Metro.co.uk seeking views of mental health experts

ended 28. April 2021

Metro.co.uk are looking for  expert insight on the long-term mental health impact of Covid-19, in particular as we emerge from lockdown and life slowly starts returning to normal.

They're happy for some views on the short-term impact, but are more interested in how the pandemic is likely to affect people over the next few years.

6 responses from the Newspage community

"Poor mental health is strongly associated with poor physical health, and so the impact of the pandemic on mental health could lead to an erosion of people’s physical health in the years ahead, further affecting their ability to lead fulfilling lives. "The fallout from the pandemic could also include a widening of pre-existing health inequalities, as well as affecting people who have not previously experienced poor mental health. "Failing to value and invest in your mental health during the pandemic risks storing up significant mental and physical health problems for the future, at great human and economic cost. Good mental health is an important national effort in its own right."
"Polarisation between the 'Haves' and 'Have Nots' is set to continue and expand. "The long-term effects of the pandemic on mental health are likely to be split according to those who have proactive support in place and those who do not."
“We think of lockdown measures as temporarily impacting our lives, but that could be dangerous. The long-term ‘tail’ effect on mental health may be devastating and widespread. People could start reporting more negative psychological issues such as PTSD, depression and insomnia, well into the future. “Research has shown that the long-term impact of national disasters on mental health can be significant. Psychological distress and PTSD symptoms may not appear until many months or years later. “With so much focus on cleanliness measures over the past year, COVID-19 is likely to have triggered people who are susceptible to OCD tendencies, such as contamination or cleaning compulsions. They could see their symptoms worsening as life goes back to normal. “With lockdown coming to an end, people suffering from anxieties may see their symptoms worsening as a result of a sudden burst of socialising. This added pressure could result in a knock-on worsening effect on people’s mental health.”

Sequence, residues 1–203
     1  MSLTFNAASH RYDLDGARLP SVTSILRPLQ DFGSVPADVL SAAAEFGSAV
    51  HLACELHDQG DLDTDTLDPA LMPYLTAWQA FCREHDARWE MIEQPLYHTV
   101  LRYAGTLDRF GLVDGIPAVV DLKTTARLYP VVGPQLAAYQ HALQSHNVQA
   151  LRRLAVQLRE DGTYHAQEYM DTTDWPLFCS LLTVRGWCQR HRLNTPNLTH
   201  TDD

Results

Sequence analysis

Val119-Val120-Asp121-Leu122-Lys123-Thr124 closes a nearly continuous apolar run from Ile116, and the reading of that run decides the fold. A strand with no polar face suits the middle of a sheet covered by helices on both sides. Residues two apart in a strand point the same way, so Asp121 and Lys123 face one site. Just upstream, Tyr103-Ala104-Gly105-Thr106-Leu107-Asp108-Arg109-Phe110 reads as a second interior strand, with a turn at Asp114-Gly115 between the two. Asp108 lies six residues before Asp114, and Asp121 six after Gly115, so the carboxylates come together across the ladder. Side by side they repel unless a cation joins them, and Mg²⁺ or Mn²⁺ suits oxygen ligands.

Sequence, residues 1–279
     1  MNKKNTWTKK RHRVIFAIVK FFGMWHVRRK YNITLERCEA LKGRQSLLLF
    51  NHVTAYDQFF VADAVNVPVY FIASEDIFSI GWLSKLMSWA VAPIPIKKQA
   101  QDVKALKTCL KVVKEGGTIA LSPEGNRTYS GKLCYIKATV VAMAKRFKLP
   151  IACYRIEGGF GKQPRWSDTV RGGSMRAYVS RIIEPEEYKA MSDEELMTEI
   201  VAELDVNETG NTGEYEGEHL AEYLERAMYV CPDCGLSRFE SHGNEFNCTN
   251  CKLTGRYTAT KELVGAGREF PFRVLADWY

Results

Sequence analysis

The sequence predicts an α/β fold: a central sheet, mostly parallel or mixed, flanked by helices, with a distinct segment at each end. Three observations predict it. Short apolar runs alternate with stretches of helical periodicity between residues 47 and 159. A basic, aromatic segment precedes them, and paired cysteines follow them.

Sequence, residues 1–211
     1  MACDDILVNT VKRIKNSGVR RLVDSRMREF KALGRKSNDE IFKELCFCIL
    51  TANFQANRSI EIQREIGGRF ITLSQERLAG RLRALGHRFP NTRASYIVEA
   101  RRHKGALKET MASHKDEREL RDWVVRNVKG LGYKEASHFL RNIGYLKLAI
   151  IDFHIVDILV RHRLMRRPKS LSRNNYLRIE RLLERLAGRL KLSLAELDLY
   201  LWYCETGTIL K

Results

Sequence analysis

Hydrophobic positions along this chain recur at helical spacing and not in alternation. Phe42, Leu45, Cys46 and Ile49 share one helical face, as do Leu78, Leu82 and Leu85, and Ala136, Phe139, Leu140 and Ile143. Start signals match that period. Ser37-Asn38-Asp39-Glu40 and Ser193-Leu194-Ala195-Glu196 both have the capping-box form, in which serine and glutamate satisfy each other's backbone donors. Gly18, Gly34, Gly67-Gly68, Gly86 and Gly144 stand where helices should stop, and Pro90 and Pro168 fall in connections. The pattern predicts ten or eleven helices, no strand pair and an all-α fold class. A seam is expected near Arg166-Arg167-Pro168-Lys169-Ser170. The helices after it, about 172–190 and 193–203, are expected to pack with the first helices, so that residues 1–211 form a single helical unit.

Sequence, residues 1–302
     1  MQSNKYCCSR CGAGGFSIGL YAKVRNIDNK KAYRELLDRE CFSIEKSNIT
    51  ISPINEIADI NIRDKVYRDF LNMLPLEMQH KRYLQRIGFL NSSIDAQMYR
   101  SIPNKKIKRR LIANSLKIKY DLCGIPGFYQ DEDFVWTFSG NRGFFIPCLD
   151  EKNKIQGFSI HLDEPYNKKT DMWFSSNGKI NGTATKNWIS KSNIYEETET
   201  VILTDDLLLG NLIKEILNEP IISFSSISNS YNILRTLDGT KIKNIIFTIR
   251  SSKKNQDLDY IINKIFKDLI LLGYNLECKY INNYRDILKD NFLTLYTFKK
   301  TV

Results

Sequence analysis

"We are already seeing the impact of Covid-19 in increasing referrals of young people suffering from Covid-related anxiety, and in employees experiencing stress within the workplace. "The pandemic is also exacerbating symptoms in people with learning disabilities. "I think we are underestimating the devastating longer term impact Covid-19 will have on mental health, from families, children and young people to the workforce as a whole."
Dr Marianne Trent, Clinical Psychologist: "The trauma and threat response may be hard to switch off or dial down for many of us. This could lead to changes in the way that we work and play. "It could also contribute to the development or exacerbation of medium- to long-term mental health difficulties such as OCD (obsessive compulsive disorder), eating disorders, social anxiety and trauma. "The new normal has now become our status quo and it's going to take a while for the dust to settle. We need to give ourselves and others the time needed to adjust."
"Many people have struggled with their eating habits over the past year, perhaps compensating for a restrictive and joyless lifestyle, fuelled by a lack of structure and routine. "In the short term, this will have left many people less energised, tired and lethargic and may also have resulted in weight gain. "As we emerge from the pandemic and a degree of normality is resumed, it is crucial to get back on track with healthy habits as soon as possible to avoid prolonging the harmful effects of unhealthy diet and lifestyle choices."